You finished a draft of your novel! After you take some time to fully appreciate the fact that you reached the end–which you should definitely do–it’ll be time to dive into revision. But knowing where to start can be tricky. If you’re coming off the first draft, the whole story might feel like a hot mess. If you’re coming off the third, your book may be better but still not “there” yet.
So, how do you know where to begin? Like everything else in writing, I recommend breaking things down into as many steps as possible and taking things one step at a time.
Identify what stage your book’s at
The first thing to know about revision is that you don’t have to tackle everything at once. In fact, I would recommend you don’t even attempt to. If you do, the idea of everything you have to revise might get overwhelming very quickly, and it will be all too easy to give up. Instead, consider first breaking your revision down into two stages–early stage revision and late stage revision. I tend to revise at least two drafts with the “early stage” guidelines and two drafts with the “late stage” guidelines. At this point, we’re just looking at the problems. We’ll touch on addressing them later on.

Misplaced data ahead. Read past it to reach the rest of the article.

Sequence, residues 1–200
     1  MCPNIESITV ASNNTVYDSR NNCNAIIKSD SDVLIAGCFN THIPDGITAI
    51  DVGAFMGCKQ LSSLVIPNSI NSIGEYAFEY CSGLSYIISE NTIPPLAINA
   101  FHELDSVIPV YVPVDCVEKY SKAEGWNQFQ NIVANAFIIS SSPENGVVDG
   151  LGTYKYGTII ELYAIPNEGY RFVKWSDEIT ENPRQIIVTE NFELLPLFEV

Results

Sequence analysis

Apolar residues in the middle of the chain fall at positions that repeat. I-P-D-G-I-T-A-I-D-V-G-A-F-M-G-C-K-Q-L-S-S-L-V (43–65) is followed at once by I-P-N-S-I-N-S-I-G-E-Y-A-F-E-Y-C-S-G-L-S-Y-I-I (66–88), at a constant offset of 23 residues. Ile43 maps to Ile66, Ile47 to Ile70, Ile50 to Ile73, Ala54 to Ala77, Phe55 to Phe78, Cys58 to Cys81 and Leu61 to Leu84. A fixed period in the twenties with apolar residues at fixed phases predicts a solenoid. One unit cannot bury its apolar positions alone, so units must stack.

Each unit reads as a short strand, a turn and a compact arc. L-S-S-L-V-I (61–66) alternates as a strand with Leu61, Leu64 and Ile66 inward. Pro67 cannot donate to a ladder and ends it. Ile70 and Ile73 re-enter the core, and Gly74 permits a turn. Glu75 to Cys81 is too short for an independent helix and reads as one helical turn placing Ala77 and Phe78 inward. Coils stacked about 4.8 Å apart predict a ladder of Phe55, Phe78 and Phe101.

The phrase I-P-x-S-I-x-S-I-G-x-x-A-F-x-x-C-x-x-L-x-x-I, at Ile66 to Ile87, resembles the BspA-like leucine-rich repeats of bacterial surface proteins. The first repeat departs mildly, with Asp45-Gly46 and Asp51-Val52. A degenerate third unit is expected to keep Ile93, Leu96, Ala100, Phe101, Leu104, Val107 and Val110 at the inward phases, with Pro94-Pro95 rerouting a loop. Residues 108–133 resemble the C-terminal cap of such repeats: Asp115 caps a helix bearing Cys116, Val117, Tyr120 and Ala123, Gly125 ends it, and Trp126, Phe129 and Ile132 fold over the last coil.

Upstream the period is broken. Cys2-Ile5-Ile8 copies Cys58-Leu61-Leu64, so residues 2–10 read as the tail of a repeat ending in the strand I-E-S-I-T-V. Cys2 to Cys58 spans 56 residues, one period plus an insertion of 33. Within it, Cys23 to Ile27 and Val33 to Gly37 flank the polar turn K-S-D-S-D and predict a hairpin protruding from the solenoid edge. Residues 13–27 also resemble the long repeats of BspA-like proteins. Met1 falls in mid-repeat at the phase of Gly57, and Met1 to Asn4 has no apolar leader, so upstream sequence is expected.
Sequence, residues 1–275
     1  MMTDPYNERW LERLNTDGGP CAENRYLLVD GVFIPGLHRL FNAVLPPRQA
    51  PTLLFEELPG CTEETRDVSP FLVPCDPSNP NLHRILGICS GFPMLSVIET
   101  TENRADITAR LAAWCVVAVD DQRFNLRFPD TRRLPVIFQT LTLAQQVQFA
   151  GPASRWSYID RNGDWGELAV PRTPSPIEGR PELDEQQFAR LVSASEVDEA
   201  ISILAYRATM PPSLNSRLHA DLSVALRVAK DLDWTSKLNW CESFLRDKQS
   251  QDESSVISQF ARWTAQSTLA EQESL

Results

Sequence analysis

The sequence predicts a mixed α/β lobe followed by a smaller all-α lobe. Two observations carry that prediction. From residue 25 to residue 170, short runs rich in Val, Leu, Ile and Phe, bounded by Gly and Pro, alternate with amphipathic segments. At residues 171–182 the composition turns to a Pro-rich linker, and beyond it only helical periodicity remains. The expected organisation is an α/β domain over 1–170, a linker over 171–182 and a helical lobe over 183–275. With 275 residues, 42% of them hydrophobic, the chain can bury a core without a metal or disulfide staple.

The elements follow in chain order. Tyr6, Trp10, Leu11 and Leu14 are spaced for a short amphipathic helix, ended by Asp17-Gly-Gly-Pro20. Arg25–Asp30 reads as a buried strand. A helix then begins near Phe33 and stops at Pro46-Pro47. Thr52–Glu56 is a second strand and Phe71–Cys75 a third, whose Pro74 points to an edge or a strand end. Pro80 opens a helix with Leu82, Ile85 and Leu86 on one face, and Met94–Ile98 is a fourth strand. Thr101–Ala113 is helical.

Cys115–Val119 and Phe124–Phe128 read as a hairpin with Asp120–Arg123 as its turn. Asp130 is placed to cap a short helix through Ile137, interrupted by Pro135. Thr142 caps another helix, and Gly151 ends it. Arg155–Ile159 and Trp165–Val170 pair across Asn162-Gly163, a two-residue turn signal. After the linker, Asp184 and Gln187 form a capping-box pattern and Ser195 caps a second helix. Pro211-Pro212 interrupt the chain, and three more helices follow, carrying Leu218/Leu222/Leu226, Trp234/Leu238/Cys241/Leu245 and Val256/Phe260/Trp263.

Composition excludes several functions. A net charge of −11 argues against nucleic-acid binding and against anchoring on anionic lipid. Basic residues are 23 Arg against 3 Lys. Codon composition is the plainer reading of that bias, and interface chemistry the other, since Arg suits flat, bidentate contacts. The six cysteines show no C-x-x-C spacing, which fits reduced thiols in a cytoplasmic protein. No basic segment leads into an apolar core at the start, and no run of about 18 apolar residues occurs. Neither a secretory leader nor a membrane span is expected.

Side note: These are guidelines that have helped me, but don’t be afraid to modify this to meet your own needs!
Early stage revision – First and Second Drafts
In the early stages, it’s more important to focus on the bigger developmental issues. These are the big elements that shape and carry your book. Don’t worry about the writing itself yet. At this stage, there’s a good chance you’ll have to rewrite a lot of what you’ve already written, so worrying about the language isn’t the best use of your time. Early stage revision is more focused on story and big-picture issues.
Check your characters
Take some time to assess your characters and their development. Are the coming across how you want them too? Do your main and secondary characters appear in the story with some level of consistency? Do all of them serve a purpose? If not, are there characters you can cut? Does each character have some kind of development? Do their actions and reactions line up with who they are and with their overall growth?